Modern Psychoanalysis

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Tuesday, June 10, 2008

Clinical Techniques: #4 - Joining

Clinical Techniques: #4 - Joining
According to Dr. Hyman Spotnitz:

“Many communications that have a maturational effect reflect the old adage: If you can’t lick ‘em, join ‘em… The term ‘joining’ denotes the use of one or more ego-modifying techniques to help the patient move out of a repetitive pattern.”
(1985, p. 253).

This statement gives us some indication of both what “joining” is, and why we might use it; i.e., that joining avoids attacking the patient’s defensive mechanisms, while simultaneously helping the patient to engage in progressive communication with the therapist.

Dr. Benjamin D. Margolis says that:

“The ultimate purpose, in every instance, is to help the patient mobilize and liberate the negative (as well as the positive) feelings he has long kept submerged. The analyst accomplishes this by first joining the patient’s resistance and supporting and reinforcing his uncooperative attitudes.”

(1983, pp. 219-220).
Reinforcing uncooperative attitudes!?! – statements such as these give the reader some idea of how uniquely modern analysis works, as well as why it often works when other methods fail.

Dr. Spotnitz amplifies the intent even further; saying that
“The term ‘joining techniques’ is loosely applied to a number of basically similar interventions… By and large, all of these interventions communicate the same message to the patient: I am like you.” (1985, p. 263).
Thus, patients who may have spent a lifetime being criticized by well-meaning others, commonly find that modern psychoanalysis provides them with an experience where they can feel connected in a way they have rarely experienced otherwise in their lives.

A theoretical way of looking at the same thing is to say that “By functioning as an ego-syntonic object, the analyst facilitates the development of transference on a narcissistic basis as well as its eventual transformation into object transference.” (Spotnitz, 1976a, p. 142).

The various joining techniques used by modern analysts are sometimes further roughly divided into “ego-syntonic” and “ego-dystonic” joining.

One of the better known ego-dystonic joins used by Dr. Spotnitz related that when a
“… young man, trying to force the analyst to talk to him, shouted that he would 'get off the couch and bash your head in.’ The analyst responded ‘I’ll bash yours in before you can get off the couch.’”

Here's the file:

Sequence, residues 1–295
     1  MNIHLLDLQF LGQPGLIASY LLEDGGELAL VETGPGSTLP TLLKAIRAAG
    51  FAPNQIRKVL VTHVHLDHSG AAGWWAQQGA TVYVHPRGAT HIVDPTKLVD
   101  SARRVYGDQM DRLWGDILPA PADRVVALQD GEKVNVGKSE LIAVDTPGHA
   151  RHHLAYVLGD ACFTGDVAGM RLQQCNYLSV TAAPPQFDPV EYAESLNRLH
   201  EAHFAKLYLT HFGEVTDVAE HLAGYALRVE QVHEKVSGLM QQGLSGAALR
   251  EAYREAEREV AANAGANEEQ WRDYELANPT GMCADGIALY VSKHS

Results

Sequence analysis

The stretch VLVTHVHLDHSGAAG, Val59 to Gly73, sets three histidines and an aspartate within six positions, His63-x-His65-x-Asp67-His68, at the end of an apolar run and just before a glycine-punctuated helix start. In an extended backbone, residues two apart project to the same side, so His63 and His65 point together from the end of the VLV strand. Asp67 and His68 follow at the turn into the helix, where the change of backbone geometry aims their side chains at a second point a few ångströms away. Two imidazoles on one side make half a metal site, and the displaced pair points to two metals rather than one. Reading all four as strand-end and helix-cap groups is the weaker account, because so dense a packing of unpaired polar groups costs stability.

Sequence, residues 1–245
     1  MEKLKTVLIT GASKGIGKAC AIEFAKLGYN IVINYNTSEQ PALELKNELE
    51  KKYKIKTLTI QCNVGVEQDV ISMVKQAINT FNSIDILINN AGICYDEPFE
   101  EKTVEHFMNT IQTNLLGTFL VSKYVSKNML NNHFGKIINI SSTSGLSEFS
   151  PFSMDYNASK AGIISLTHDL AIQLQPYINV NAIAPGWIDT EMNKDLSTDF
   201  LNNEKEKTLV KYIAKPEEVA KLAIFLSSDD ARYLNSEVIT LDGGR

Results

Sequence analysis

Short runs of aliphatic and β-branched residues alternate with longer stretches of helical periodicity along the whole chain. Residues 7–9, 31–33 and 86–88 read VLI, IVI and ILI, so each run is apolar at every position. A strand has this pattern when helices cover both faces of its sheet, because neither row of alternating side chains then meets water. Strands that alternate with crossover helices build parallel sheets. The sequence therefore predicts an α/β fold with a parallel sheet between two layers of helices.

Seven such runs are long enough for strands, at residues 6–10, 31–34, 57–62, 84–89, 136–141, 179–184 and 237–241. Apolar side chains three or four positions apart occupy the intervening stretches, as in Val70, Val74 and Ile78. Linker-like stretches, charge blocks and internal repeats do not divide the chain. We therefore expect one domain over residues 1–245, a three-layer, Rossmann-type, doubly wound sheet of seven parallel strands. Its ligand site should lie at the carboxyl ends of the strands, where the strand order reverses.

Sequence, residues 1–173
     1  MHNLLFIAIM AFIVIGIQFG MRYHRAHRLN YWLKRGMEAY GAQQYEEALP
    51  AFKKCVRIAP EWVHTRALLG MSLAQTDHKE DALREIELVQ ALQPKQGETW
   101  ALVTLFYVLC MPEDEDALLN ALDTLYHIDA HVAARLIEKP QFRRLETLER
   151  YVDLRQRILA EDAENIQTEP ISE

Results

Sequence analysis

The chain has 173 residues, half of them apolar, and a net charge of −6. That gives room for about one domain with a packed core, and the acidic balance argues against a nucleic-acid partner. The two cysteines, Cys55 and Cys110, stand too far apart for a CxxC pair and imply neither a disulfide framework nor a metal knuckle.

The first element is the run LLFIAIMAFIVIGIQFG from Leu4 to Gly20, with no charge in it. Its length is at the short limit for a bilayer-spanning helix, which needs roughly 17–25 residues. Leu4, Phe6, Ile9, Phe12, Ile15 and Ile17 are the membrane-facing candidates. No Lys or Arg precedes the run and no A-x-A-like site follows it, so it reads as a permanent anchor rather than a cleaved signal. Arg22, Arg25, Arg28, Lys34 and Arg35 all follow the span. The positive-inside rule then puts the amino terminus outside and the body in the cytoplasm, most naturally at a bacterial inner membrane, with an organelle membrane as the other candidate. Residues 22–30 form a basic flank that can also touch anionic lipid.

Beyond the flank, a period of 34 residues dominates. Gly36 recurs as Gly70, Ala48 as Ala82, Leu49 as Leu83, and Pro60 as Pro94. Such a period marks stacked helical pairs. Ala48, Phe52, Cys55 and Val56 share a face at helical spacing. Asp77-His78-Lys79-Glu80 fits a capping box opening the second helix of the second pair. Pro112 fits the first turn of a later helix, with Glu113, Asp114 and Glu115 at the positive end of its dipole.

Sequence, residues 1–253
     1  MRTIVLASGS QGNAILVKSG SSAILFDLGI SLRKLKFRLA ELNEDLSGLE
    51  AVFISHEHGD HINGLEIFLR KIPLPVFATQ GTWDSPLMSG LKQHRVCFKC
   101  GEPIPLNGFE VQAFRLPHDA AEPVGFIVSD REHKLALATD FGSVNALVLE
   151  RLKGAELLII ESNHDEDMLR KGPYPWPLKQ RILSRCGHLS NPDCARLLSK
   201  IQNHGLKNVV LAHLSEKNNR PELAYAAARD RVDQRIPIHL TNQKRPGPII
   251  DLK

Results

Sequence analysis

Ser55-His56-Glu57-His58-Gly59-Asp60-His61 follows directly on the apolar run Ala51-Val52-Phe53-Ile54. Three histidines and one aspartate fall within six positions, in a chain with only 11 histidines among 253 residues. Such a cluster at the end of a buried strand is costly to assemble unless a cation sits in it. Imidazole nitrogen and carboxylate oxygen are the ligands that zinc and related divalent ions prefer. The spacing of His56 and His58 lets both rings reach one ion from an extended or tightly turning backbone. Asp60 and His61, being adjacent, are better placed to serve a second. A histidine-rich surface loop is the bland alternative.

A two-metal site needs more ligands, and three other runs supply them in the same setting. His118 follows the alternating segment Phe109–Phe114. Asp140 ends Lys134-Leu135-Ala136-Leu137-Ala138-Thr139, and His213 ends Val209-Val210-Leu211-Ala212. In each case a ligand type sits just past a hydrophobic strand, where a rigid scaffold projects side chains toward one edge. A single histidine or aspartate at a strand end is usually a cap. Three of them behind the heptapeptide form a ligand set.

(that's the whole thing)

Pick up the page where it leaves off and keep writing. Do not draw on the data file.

(Spotnitz, 1985, p. 265).

Ego-dystonic joins such as this appear counterintuitive, but frequently help patient’s verbalize negative affects and feel more comfortable in the treatment relationship.

Benjamin Margolis has given us some wonderful examples of different types of ego-syntonic joining:

“P: I slept poorly last might and feel tired today.
A: You look tired.

P: I feel miserable.
A: You’re entitled to feel miserable.

P: (after a harrowing review of his life’s history) I haven’t had
much in the way of pleasure.
A: Life has been one misery after another.”

(1983, p. 214).

None of these techniques are applied in a cavalier manner. As with any of the other modern analytic techniques we have discussed, therapists would do well to keep in mind Dr. Spotnitz’s caution, (1976b, p. 146), that
“Technical proficiency is of little avail if it does not help the analyst to develop in himself the kind of feelings that will catalyze the release of his own emotional energy in language.”
Margolis echoes Spotnitz by saying:

“Joining is a powerful technique for resolving narcissistic resistance in psychoanalytic therapy. Its very power, however, calls for prudence in determining when and how to apply it… Generally speaking, technical skills such as joining come into perspective only as they further the objectives of a comprehensive therapeutic design… The joining technique, presented as it is, has no intrinsic significance.”
(1983, p. 211, emphasis original).

The significance comes from a trained therapist utilizing the technique when necessary and when this is something the patient needs. As Margolis says,
“If the analyst is in resonance with the patient, his joining and mirroring remarks, while addressed to the literal resistance message, will simultaneously engage the unconscious emotional contents sheltering behind it.”
(1983, p. 213).

Clinical techniques such as joining have greatly increased the ability of modern psychoanalysts to deal with difficulties in patients which were previously thought to be irremediable.
Though years of modern analytic training may be necessary to obtain even rudimentary proficiency in these techniques, they help modern therapists provide effective treatment to those who were formerly believed to be beyond help.

References

Margolis, B. (1983). Joining, Mirroring, Psychological Reflection: Terminology, Definitions, Theoretical Considerations. (Modern Psychoanalysis, Vol. 11, No. 1 & 2, 1983; as reprinted in Modern Psychoanalysis, Papers of Benjamin Margolis).

Spotnitz, H. (1985). Modern Psychoanalysis of the Schizophrenic Patient: Theory of the Technique, Second Edition, NY, Human Sciences Press.

Spotnitz, H. (1976a). Psychotherapy of Preoedipal Conditions, N.Y., Jason Aronson.

Spotnitz, H. and Meadow, P. (1976b). Treatment of the Narcissistic Neuroses, NY, Man. Center For Advanced Psychoanalytic Studies.


© 2008, James G. Fennessy, M.A., J.D.
Matawan, New Jersey 07747
E-mail: njanalyst@hotmail.com
http://modernpsychoanalysis.org/

Modern Psychoanalysis, Psychoanalysis